Diary Of A Hollywood Refugee

Thursday, June 02, 2005

What does it take to become a legend?

So asks the promo for a new film about the Legendary Z-Boys of Dogtown, CA! But a gritty promo with a sexy soundtrack and some fine editing will not compare to the documentary directed by Stacey Peralta, a former Z-Boy! The movie has both distorted and oversimplified their story and its a diservice to the Legend that is The Z Boys! Skip the film, I have a better alternative.........

Several years ago, while attending Sundance Film Festival in Park City, Utah, I watched the screening of a great documentary, Dogtown and the Z Boys "The Birth of Extreme", directed by Stacey Peralta, one of the Z Boys, which follows the "evolution of modern skateboarding through it's 70's heyday, its decline during the 80's, and its eventual (and highly lucrative) return in the 90's".The visual look is skate-punk aesthetic; edgy, fast, with a soundtrack that KILLS!

But Dogtown and The Z Boys is so much more than just a documentary about Skateboarding. It's a gritty, evocative, rags to riches joy ride filled with passion and some bittersweet moments, about teen age kids who shake up the old boring establishment and take the world by storm, creating what would become known as the Dogtown phenomenon.

Tony Alva, Jay Adams ('When God invented skateboarding, he said "Let there be Jay Adams".) Stacey Peralta, and 8 others, including one girl, mentored by the owners of the Zephyr board shop, Jeff Ho and Skip Engblom, transform skateboarding to an art form, a lifestyle, and a multimillion dollar industry, when they develop a radical new low-rider style, based on moves cut by their surfer heroes, and become the rockstars of the skateboarding world!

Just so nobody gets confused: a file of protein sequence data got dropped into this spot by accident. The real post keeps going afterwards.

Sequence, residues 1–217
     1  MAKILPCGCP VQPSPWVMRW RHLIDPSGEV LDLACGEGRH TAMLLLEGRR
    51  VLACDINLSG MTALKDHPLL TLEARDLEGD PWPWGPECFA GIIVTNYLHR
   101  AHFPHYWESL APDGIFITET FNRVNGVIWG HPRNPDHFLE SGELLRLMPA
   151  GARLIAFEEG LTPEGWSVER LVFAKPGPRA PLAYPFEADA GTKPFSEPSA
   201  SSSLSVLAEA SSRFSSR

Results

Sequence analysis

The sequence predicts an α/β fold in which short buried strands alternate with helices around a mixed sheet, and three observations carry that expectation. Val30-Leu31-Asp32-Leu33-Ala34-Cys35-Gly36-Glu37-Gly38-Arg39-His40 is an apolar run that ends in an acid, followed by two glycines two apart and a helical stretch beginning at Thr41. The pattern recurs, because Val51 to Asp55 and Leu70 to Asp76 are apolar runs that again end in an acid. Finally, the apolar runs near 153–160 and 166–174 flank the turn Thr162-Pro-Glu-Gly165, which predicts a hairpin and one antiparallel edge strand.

During one of the worst droughts SoCal would experience, the Z Boys turned to sneaking into backyards, draining swimming pools and riding in them, creating the first half pipe, and developing moves in the moment, that blew people away. The footage that Stacey has is awesome. I can only imagine how incredibly exciting, awesome, hell mindblowing, it must have been to witness first hand these young punks dripping with Dogtown "tude" creating these carves and cutbacks IN THE MOMENT....to quote Tony Alva, "imagining yourself doing something AS your doing it"

Craig Stecyk began documenting and packaging the Dogtown aesthetic: their look, blue shirts and Van sneakers, their moves, their lifestyle, their attitude, their fast journey from the 1975 Del Mar Nationals, where they caused a major sensation, to sponsorship deals, and the life of a rockstar. Suddenly EVERY GUY EVERYWHERE in the US wanted to be a Z Boy. Being a Z Boy wasn't jsut about skatingboard moves, it was about ATTITUDE! The Z Boys were counter culture, who changed an entire culture, and then became the culture!

While the ride was fast, furious and fun, it would soon implode on all of them, but none more so than Jay Adams. The most naturally talented of the ZBoys, blonde hair blue eyed, he exemplifies the spirit of the Z Boys, and California in the mid 70's, but sadly does not weather his success very well. He is interviewed as an adult from prison....drugs became his downfall. For Jay..it was all about the skate and not about the trappings of success...all he wanted to do was skate for the shear love of skating......but sadly the dream would fade and turn ugly.

Each of the ZBoys would move on, but their impact on the world of skateboarding is still being felt today!

The soundtrack includes: Seasons of Wither (Aerosmith), Hots On For Nowhere (Zepplin), Alladin Sane ( Bowie), Godzilla (Blue Oyster Cult), Fast Cars (Buzzcocks), Gut Feeling (Devo), and One Way Out (Allman Brothers), Sidwalking Surfing (Jan & Dean), Sneaker Pimps, Hendrix, Easy Rider, Motor City Madhouse, Generation Landslide and Children of the Revolution by T Rex.


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